How to Pick Food That's Good for You Like a Dietitian Would
Find out how registered dietitians determine if a food is good for you or not. Learn how these experts in nutrition navigate the grey area that is "healthy food."
Dietitians often get asked "What are the healthiest foods?" Unfortunately, there really is no direct answer. The concept of "healthy" is shaded in a gray area, without a clear cut black and white division. Fortunately, there are ways dietitians determine what foods should be consumed more than others. Ultimately, dietitians facilitate easier ways on how to decide if a food is good for you or healthy.
How to Decide if a Food is Good for You
The nutrient content can often be determined by the color, although a big bowl of Fruit Loops or bag of Skittles does not exactly make the cut. Natural, vibrant fruits and vegetables certainly make the list of "healthy" foods relative to their high nutrient concentration. Vitamins and minerals found in fresh produce are critical in carrying out normal body functions. When grocery shopping, start at the front and shop the perimeter of the store. Fresh produce, lean proteins, and dairy products can be found most in these areas. Avoiding weaving in and out of the aisles can reduce the impulse to purchase chips, frozen pizzas, and soft drinks.
Generally, fresh produce does not have nutrition or ingredient labels. Although the best foods for you are typically in their raw form, packaging should not dictate whether or not the food lands in your grocery cart. Take full advantage of the nutrition facts and ingredient labels to further decide if a food is healthy.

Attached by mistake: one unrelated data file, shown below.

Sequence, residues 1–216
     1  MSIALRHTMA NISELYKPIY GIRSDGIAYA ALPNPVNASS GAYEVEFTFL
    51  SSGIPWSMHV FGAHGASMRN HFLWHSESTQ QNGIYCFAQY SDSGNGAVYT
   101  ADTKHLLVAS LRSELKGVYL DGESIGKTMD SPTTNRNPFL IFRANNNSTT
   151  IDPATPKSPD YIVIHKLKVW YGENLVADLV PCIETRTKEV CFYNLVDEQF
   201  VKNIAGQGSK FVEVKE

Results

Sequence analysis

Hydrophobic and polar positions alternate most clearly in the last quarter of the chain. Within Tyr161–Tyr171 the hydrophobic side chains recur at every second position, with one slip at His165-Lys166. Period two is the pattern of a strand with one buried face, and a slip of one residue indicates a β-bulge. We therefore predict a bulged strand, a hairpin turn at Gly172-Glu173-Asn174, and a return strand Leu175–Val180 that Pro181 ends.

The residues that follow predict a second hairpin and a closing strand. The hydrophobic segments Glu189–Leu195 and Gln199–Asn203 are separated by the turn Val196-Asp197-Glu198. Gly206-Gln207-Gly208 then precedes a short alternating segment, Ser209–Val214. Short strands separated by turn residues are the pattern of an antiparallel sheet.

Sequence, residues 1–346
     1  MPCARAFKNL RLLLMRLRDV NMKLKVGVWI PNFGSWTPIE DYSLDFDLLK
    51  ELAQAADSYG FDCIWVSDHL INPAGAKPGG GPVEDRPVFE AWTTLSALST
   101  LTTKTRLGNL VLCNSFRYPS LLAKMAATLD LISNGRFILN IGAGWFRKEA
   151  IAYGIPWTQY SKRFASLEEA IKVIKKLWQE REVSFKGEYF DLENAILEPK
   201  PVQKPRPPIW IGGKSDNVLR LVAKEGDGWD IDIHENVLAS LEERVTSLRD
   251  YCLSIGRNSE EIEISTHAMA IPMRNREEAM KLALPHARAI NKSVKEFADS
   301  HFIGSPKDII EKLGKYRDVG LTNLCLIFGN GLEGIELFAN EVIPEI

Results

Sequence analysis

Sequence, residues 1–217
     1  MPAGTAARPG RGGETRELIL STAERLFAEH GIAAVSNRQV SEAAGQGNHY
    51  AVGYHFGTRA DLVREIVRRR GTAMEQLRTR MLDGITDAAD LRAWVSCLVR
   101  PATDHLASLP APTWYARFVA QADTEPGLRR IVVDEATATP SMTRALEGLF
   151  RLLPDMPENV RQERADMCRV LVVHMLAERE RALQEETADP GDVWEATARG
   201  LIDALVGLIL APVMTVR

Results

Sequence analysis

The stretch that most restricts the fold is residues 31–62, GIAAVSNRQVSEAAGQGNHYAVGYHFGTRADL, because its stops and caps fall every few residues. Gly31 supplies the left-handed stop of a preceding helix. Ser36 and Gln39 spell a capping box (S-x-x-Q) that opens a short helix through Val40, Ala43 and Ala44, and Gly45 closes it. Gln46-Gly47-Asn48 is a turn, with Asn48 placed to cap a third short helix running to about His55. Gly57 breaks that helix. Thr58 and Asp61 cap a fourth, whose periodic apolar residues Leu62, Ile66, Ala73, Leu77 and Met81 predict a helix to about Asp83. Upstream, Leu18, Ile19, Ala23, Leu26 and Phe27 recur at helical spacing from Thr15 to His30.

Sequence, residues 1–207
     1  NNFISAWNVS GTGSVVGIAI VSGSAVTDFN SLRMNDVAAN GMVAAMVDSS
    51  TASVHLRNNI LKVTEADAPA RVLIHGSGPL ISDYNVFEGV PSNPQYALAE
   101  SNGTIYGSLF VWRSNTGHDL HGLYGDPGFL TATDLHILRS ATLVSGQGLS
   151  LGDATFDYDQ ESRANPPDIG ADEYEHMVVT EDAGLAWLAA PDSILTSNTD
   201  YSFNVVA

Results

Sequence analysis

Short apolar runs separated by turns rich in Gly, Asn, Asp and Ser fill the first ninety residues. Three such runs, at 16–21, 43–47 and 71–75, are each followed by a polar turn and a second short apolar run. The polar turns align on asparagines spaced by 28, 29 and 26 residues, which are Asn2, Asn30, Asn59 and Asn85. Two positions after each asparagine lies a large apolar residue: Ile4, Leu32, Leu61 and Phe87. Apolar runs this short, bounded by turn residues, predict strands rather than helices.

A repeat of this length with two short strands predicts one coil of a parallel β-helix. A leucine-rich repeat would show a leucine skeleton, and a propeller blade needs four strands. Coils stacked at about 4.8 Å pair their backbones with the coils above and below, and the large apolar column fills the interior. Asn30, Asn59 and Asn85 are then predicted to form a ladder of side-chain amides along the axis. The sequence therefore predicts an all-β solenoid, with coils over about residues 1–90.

Nutrient Facts Label: The Nutrition Facts label can be confusing. The example below is a guide to better understand and make sense of those numbers.
Ingredient Label: The ingredient label can be just as essential as the nutrition facts label. The ingredient label is simpler to dissect, especially with a couple pointers. When choosing foods, for items with the smallest ingredient list, or five items as general reference. Go for products with recognizable ingredients. If the ingredients are unfamiliar or fairly lengthy, try to stay away from that product.
Don't Be Fooled
It's important to not fall into the health buzzwords such as items labeled as "gluten-free" and "sugar-free." Gluten-free and sugar-free do not necessarily mean healthy. Purchasing gluten-free items is reassuring for those living with a Celiac disease or a gluten sensitivity. Eliminating gluten within the diet also limits important vitamins and minerals. If dieting, sugar-free items could help with sugar and calorie control. However, consuming sugar-free foods does not equal "calorie-free" and their intake should be limited to its serving size. The additions of sugar substitutes and alternative sweeteners may provoke unpleasant gastrointestinal symptoms.
The Best Decisions
The best decisions when it comes to foods is keeping nutrients high and the consumption of high fat and sugars low. Although calories should not be obsessed over, it is important to understand and keep them in check. Get comfortable with the nutrition facts and ingredient labels as they are valuable tools in aiding in food choices. Ultimately, enjoy food. Start appreciating food regarding its origin and preparation. Start to value fresh ingredients and how their intake nourishes the body.